But what’s that I see sweeping in from the flank? is it Grouchy, sorry wrong game, is it the Cavalry? no it’s the Thracian Rhomphaia.

Romans right wing shocks Seleucids by actually going forwards!
On the Right things were very different, the Romans (actually Gallic/Galatians) bravely advanced and then equally bravely started throwing 9’s for moving just as those nasty heavy cavalry got in range (can toy soldiers bottle go?). The Seleucids cunningly didn’t fail a throw irrespective of how many times in a turn they went for it and each cavalry fight was horribly one sided . Once the first unit got wiped out then it was sweeping advances and flank attacks until the Galatian warband that had made the big mistake of joining the wrong side saw not only cavalry on their flank but some sort of cart, and is that knives? surely not, what idiot would stick knives on a cart, why the risk assessment form alone would take a month to fill out and then there are all the training days on top. All this was two moves away so the Romans throw for orders and predictably throw 9 . The Seleucids didn’t.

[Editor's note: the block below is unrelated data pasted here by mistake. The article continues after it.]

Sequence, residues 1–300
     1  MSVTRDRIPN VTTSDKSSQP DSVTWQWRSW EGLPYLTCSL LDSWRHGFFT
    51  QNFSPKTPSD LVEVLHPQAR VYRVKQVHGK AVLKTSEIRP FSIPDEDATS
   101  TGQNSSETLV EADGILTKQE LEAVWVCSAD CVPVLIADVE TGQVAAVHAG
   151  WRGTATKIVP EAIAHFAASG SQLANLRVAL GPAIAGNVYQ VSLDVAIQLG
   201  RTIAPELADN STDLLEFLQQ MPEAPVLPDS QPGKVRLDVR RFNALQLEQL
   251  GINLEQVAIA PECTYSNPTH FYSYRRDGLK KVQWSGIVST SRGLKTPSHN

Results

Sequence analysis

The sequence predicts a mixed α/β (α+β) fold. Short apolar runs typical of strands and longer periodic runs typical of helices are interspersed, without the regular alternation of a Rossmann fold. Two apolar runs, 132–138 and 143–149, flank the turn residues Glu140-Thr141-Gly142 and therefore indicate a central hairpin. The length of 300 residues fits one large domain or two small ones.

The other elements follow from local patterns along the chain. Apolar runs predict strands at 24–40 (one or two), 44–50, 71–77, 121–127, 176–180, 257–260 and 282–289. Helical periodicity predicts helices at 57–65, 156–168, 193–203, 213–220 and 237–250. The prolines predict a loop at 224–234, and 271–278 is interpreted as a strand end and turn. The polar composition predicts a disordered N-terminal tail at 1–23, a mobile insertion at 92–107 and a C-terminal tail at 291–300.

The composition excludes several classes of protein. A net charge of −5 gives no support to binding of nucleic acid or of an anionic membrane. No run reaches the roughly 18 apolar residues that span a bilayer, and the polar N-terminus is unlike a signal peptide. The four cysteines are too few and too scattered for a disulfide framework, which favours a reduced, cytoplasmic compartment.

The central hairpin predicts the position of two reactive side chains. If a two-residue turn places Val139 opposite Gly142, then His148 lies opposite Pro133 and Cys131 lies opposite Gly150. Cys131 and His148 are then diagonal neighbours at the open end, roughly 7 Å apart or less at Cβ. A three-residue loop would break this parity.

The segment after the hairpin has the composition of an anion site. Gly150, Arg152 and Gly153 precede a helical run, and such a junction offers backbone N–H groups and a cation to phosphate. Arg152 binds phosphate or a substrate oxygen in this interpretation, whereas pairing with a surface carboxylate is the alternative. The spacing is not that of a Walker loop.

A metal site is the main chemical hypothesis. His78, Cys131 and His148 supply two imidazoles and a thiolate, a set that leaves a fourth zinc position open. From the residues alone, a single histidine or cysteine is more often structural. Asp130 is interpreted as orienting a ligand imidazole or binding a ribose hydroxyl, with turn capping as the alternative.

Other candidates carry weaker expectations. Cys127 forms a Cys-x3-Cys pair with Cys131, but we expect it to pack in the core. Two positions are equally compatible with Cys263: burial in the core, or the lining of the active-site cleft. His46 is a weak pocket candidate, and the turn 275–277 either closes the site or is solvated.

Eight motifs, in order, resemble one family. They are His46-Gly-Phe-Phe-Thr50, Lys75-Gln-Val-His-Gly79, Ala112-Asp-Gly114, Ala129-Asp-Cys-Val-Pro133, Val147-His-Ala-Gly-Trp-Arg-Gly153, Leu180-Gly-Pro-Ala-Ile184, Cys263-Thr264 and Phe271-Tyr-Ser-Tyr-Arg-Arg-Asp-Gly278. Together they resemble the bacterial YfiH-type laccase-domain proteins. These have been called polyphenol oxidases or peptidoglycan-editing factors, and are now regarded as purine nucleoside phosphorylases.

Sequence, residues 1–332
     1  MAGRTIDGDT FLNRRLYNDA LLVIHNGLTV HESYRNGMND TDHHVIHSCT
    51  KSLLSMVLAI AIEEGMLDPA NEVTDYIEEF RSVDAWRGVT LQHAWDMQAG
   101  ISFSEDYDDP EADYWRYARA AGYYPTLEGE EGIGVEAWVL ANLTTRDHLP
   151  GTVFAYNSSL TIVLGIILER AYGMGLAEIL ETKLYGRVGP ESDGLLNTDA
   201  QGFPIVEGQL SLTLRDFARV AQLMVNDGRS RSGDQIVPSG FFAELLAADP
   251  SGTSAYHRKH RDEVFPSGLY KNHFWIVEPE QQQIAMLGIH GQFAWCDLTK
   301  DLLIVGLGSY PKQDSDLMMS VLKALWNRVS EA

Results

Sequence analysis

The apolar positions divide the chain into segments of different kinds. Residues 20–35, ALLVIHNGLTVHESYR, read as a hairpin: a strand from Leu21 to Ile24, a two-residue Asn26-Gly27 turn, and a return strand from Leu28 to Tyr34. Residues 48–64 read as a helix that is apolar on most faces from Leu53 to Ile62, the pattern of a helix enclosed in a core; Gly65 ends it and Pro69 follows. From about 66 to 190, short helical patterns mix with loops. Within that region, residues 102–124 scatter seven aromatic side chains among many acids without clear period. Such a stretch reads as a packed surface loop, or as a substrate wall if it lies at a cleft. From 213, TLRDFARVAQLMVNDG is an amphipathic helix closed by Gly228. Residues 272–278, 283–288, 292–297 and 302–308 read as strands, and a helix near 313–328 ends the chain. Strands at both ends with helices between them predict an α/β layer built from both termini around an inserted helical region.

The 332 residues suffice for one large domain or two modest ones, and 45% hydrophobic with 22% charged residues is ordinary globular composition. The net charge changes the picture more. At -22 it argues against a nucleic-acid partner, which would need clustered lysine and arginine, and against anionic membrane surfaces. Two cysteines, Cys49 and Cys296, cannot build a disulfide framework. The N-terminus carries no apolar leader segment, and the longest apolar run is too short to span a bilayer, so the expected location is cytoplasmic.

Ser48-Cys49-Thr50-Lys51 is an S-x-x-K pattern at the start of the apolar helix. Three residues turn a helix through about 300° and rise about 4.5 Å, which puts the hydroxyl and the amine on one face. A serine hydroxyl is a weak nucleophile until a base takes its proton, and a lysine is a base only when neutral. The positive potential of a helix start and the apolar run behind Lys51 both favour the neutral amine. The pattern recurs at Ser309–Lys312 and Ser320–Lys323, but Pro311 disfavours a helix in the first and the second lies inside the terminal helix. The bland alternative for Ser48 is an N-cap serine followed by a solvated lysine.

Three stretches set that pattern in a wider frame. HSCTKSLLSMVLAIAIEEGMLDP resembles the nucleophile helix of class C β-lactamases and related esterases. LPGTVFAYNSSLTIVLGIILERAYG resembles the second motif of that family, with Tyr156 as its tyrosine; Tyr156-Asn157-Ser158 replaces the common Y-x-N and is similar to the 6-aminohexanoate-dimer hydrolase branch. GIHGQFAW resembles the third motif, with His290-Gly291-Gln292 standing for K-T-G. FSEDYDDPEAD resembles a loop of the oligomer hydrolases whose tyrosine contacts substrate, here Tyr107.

Galatians go looking for heads
  In three moves there was no Roman Left wing.

When in trouble throw a 10 for morale
Meanwhile in a tranquil leafy glade there were some Thracian’s busy showing each other their Rhomphaia and seeing who had the biggest one, however out in front they could see a large group of hairy Galatians heading their way and for a moment this wasn’t looking like what they had signed up for,

 “ They promised me 90% of them would be Romans, all shiny and crunchy like“

but just as it looked like they may have to get dead un-happy about being dead, suddenly the Galatians weren’t there anymore; they could see some of their Cavalry and is that a cart with Knives on? (no it wasn’t as scythed chariots are taken off after one round of combat).

Only one thing to do now as the boss had ridden up and was watching and that was to charge the now exposed Roman Legionary flank fighting the nearest Pike block, and this is what they did, again, and again and again, until they were shaken but by then there wasn’t that many Romans left.

Goodbye to the last Roman cavalry unit